I love finite things. I believe that values are beautiful because of their limitations and capturing them while they exist will make the moment shine more. Youth is just that feeling. Impulsive, sharp, painful, fragile. It is like a rough diamond. The appearance changes depending on the angle, and when it hits the light, it refracts in a direction that you cannot imagine. In order to try to fully capture such unstable light, I try to face young people with a positive love while still keeping a sense of distance available, that is not too close to their feelings, so they have space to still feel safe and comfortable.
 


F.P: ‘Girls’ Encounter’ was the first of your works I came across and I love how raw and real the story plays out. Now with the recent release of ‘’21st Century Girl’ do you see it as a continuation to ‘Girls’ Encounter’?
Y.E:
It is not a continuation. But I wrote both scripts, so there may be something shared. Perhaps, because I usually feel the difficulty and itchiness of loving a person, something might be coming through from that.
 

 

© Yuuka Eda; Girls' Encounter

 


F.P: We know you have worked with the incredible Serena Motola; how has it been working with her? Are you guys good friends?
Y.E:
I met Motola at the audition. From there I worked with her on advertising and photography several times. She is always an honest and loving girl. Occasionally, we go to dinner together privately.
 


F.P: In your own words; why is it important to portray the reality of youth, their emotions and challenges, in today’s society?
Y.E:
I think the world of young people is very small. Their community is limited to schools, homes and communities. They don't have the money to spend freely like us as adults, and they don't have the ability to go anywhere whenever they want to. They are fighting in a much smaller world. And so, entertainment is important for them, I think. Actually, I was like that too. That's why it's important to create stories that affirm their way of life and that makes them want to live more not only looking at today but their tomorrows. It is the young people who will create the future society.
 


F.P: In a world of social media and fast information; what is your relationship with social media like?
Y.E:
I think that my existence is greatly strengthened by these worlds [real and digital] because a lot of my work is made for young people and social media platforms are where they tend to spend most of their time- or a lot of it.
 


F.P: What do you think are the positives and the negatives of social media?
Y.E:
The good thing is that more people can see my work and I can see their reaction immediately. it is easy to use their reactions as a source of information for the next work. The negative side is that it is easily consumed. There is too much information and each piece is often handled like just a consumer product.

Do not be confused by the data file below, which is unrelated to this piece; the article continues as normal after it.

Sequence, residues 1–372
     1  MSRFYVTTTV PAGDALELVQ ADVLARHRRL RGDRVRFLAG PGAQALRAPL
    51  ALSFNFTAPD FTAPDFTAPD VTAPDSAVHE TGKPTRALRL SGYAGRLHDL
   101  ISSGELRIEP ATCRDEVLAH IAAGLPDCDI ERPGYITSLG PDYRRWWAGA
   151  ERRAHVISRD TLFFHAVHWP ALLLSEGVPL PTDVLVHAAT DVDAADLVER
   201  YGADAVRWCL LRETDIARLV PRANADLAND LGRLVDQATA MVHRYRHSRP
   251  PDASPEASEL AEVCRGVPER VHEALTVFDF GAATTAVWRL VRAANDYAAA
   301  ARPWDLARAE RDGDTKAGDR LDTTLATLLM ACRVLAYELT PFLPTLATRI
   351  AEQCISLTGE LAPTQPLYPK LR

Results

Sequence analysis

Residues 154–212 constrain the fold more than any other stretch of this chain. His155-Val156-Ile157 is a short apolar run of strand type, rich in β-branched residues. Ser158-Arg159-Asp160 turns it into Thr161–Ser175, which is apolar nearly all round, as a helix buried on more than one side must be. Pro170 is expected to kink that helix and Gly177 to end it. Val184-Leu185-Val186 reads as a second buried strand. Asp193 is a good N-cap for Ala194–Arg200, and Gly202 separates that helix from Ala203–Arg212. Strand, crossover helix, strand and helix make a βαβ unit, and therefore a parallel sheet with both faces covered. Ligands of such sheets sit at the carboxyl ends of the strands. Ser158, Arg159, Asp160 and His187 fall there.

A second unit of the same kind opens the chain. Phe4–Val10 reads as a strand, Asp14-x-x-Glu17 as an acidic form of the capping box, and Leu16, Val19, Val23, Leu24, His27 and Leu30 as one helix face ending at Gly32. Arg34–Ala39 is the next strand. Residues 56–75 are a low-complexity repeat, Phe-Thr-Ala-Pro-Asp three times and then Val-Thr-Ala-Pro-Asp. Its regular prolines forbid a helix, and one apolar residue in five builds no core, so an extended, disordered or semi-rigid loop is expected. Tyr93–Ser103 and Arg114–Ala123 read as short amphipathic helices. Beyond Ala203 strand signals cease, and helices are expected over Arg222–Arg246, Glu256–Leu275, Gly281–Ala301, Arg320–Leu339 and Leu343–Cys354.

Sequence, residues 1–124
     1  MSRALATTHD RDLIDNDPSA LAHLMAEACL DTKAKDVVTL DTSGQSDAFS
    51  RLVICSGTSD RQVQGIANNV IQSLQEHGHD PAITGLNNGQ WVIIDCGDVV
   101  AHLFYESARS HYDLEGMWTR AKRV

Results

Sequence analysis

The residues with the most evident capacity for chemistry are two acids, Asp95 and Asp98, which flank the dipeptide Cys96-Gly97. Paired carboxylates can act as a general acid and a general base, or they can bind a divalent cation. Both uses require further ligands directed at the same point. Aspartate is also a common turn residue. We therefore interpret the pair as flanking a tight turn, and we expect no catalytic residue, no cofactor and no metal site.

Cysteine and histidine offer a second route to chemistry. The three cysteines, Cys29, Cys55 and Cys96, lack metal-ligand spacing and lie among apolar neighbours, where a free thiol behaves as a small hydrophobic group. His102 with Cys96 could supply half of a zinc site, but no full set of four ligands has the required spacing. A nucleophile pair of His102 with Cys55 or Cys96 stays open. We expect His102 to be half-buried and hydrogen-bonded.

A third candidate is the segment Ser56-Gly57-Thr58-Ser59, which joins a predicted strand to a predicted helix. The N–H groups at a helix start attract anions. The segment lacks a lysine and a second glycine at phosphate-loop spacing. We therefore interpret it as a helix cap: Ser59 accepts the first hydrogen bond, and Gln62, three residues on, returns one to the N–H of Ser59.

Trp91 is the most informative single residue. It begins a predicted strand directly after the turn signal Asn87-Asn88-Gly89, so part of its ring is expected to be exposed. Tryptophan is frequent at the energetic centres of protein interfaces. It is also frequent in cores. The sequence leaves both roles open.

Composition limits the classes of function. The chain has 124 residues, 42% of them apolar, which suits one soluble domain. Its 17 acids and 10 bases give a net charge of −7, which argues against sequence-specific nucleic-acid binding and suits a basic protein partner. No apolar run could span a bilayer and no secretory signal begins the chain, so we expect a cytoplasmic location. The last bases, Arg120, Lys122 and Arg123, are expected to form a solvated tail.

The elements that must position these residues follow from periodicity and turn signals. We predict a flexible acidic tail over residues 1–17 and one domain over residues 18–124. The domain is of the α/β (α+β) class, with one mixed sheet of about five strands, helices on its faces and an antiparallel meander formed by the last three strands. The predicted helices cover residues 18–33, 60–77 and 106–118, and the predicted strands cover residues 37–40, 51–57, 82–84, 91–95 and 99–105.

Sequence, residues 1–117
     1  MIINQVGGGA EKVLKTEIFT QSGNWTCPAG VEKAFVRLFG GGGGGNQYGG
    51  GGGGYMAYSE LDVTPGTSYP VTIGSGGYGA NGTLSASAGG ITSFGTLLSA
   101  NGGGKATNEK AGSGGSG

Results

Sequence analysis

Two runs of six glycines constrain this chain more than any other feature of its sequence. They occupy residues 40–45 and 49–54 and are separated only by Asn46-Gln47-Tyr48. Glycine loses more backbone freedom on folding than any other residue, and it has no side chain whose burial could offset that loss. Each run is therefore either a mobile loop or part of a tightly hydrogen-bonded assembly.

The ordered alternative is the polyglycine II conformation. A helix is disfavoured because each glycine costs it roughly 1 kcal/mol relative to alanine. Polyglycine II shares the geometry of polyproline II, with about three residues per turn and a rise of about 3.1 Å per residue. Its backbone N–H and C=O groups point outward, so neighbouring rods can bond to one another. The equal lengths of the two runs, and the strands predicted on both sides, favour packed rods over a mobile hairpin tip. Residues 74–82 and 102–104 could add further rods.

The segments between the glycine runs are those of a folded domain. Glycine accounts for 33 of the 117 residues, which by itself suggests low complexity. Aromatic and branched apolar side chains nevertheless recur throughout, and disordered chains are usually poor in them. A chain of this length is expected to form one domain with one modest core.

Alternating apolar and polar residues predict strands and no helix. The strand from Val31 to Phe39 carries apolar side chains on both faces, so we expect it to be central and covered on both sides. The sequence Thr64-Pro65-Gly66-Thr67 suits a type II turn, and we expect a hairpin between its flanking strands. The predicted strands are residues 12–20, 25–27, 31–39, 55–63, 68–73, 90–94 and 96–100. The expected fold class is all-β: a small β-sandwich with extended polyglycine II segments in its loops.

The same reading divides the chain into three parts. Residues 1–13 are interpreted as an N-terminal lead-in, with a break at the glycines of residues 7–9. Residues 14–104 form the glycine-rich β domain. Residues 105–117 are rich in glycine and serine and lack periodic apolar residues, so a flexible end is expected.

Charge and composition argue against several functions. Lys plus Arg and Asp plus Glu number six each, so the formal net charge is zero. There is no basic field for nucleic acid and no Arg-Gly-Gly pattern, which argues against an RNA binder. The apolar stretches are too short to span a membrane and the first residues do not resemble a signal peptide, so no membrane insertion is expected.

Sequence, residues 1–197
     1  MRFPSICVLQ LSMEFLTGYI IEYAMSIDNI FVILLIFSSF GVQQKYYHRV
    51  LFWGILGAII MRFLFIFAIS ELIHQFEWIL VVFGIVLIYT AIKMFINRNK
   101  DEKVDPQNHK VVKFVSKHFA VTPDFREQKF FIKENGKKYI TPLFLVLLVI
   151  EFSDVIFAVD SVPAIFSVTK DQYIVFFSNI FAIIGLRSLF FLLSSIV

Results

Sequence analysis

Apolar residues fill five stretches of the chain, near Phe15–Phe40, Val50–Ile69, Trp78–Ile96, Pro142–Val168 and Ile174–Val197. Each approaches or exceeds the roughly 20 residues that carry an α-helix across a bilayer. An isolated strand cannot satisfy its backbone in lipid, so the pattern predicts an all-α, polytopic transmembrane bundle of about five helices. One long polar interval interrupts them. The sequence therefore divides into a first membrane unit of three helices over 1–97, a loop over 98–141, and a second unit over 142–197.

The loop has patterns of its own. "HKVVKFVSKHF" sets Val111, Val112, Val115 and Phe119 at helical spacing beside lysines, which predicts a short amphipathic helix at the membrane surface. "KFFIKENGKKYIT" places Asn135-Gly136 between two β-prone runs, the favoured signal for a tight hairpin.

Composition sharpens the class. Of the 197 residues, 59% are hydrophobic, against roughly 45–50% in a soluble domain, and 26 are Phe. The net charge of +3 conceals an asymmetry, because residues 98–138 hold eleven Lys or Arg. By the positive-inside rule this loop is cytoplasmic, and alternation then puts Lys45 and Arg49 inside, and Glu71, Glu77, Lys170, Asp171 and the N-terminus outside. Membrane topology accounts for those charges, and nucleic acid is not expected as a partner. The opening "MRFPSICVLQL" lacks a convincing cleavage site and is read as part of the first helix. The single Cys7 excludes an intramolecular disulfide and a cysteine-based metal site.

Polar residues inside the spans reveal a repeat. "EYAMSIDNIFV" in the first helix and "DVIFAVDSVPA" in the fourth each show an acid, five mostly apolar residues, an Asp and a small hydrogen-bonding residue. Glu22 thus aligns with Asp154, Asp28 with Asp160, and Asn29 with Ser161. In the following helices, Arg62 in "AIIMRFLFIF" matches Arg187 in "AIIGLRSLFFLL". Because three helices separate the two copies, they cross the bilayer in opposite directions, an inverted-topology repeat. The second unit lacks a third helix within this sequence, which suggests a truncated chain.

F.P: Going back to your photography; you have a very cinematic style and we love it; do you have any tips to young creatives who are pursuing the same industry?
Y.E:
How can I capture a good photo? Actually, I get this question sometimes. Well, what is a good photo in the first place? For whom? The judgment is ambiguous and it’s difficult to make a decision. Then you should take photos for yourself. Capture the moment when you think it’s good. Many people do not know what they think is good, what makes something good for each person is subjective. I think that repeatedly understanding what I perceive as good helps me create my own style and, as a result, a good picture.
 

 

© Yuuka Eda; Girls' Encounter

 


F.P: What is your creative process like? How do you organize your ideas?
Y.E:
It starts with "why?" in everyday life. Why do we need to love people? Why can't you kill someone? Why? I always work from a place where I question the obvious. It's usually a question that no one can answer, but something that is just common sense that nobody doubts. But I often find myself angry and sad about those commonplace assumptions. I think about how I can turn that feeling into a story and then assemble it together in visual form.

 


F.P: In your opinion; what is the most exciting thing about working within the creative industry in Japan?
Y.E:
In Japan, for better or worse, the borderline between being a professional and an amateur is ambiguous. There are many creators and there are many opportunities. Young people like me can get many opportunities, so I am grateful every day to keep going on adventures and challenging myself.

 


F.P: Any advice to creatives who are staying at home at the moment and not able to go out because of COVID-19? How can they stay creative?
Y.E:
I feel kind of desperate because I can't do anything, but I try to take this situation positively because we are still alive and this is wonderful. I’ve been living a slow life watching movies I wanted to and reading novels I hadn’t made time for in my busier days. I think creativity comes from gaps and loneliness in daily life. I believe that right now is that kind of situation and that it will be time to support myself in the next 10 years. And surely the entertainment industry will change and I think it has to. I talk with my peers every day on video chat about how we can find joy and get through this period. Thinking about what to do in the future is a way of being creative. This is a time to rest, reflect and recharge.

 

 

FOLLOW YUUKA EDA ON  INSTAGRAM

 

© Yuuka Eda; Girls' Encounter

 

 

© Yuuka Eda; Girls' Encounter

 

 

Seventeen Song © Yuuka Eda

 

 

© Yuuka Eda

 

 

© Yuuka Eda

 

 

© Yuuka Eda